Paul recounts the events a second time in Acts 22, after his arrest in Jerusalem. In this re-telling, Ananias emphasizes baptism and doesn’t mention the Spirit: “Rise and be baptized and wash way your sins, calling on his name.” There is no contradiction (he surely said both things!). Rather, Paul uses this occasion to emphasize the forgiveness of his sins — indirectly arguing that it’s a great sin to persecute those who honor Jesus as Messiah. Of course, Ananias closely associates baptism with forgiveness of sins.
His language, “wash away your sins,” would have recalled this famous passage to Paul’s Jewish audience —
(Isa 1:15-17) When you spread out your hands,
I will hide my eyes from you;
even though you make many prayers,
I will not listen;
your hands are full of blood.
16 Wash yourselves; make yourselves clean;
remove the evil of your deeds from before my eyes;
cease to do evil,
17 learn to do good;
bring justice to the fatherless,
plead the widow’s cause.
Ananias paraphrases Isaiah to make the point that Paul, like the Israelites at the time of Isaiah, had blood on his hands (v. 15). Therefore, prayer would not be enough (v. 15). He had to be forgiven, and forgiveness requires repentance (v. 15-16) — replacing a life filled with evil with righteous living. Indeed, the Isaiah passage is remarkably appropriate to Paul’s situation at the time Ananias visited him, and by recalling the passage to his persecutors, Paul indirectly charged his accusers with being guilty of the sin he’d been forgiven of.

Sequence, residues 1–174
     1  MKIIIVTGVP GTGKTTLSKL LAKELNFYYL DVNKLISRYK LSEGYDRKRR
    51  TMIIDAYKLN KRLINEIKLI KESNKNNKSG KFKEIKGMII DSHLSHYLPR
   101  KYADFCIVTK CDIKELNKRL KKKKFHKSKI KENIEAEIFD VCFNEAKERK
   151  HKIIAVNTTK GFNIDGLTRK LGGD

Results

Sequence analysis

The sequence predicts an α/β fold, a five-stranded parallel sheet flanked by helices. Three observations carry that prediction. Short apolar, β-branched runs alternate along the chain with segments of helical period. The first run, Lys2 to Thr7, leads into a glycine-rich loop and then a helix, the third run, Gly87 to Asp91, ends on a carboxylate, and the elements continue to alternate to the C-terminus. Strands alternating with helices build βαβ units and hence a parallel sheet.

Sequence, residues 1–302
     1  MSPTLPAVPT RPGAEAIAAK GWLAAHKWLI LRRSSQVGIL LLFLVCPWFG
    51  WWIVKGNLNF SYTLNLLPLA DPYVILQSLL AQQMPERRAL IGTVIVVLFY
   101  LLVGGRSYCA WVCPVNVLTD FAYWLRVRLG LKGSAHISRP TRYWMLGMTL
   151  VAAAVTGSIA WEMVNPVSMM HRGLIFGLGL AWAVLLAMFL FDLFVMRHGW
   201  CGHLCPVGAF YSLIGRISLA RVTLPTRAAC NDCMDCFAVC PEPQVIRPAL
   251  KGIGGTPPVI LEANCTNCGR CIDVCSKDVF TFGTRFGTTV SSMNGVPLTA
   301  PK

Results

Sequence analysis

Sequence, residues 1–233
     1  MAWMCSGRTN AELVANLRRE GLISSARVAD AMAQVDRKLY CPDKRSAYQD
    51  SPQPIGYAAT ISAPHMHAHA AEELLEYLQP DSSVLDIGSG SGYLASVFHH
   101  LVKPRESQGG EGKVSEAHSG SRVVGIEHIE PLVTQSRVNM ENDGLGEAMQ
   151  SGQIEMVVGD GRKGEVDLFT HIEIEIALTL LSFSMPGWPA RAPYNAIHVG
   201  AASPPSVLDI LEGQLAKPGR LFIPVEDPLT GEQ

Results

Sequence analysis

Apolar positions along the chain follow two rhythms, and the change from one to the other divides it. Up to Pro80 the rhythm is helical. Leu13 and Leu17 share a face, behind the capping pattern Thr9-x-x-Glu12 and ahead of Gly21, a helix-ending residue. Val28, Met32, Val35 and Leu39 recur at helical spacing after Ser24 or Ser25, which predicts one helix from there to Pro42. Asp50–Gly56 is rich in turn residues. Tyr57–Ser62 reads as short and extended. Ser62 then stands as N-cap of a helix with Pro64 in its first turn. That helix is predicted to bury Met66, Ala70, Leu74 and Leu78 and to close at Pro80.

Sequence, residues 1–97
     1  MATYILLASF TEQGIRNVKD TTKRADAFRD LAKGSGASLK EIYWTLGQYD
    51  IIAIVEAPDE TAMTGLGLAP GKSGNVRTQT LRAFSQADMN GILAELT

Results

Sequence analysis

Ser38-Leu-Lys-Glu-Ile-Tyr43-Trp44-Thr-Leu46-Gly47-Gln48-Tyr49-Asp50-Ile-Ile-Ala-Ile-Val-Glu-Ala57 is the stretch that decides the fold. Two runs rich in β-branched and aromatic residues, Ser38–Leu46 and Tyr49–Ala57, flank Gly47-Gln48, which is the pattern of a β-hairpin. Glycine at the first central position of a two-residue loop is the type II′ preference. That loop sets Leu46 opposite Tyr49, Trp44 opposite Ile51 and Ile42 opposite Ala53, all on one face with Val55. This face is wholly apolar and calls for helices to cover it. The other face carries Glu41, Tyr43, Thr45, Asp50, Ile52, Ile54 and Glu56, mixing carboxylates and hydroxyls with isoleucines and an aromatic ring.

Therefore, it’s not necessarily so that “wash away your sins” is grammatically caused by the baptism (as would be the case in “be baptized, washing away …”). Indeed, Ananias was likely giving two parallel commands: to repent and to be baptized (in parallel with Acts 2:38). The commands are connected closely, of course, but they are not a single command.
We’ve considered Cornelius already. I just want to add this passage to the exploration —
(Act 10:42-48 ESV) 42 “And he commanded us to preach to the people and to testify that he is the one appointed by God to be judge of the living and the dead. 43 To him all the prophets bear witness that everyone who believes in him receives forgiveness of sins through his name.”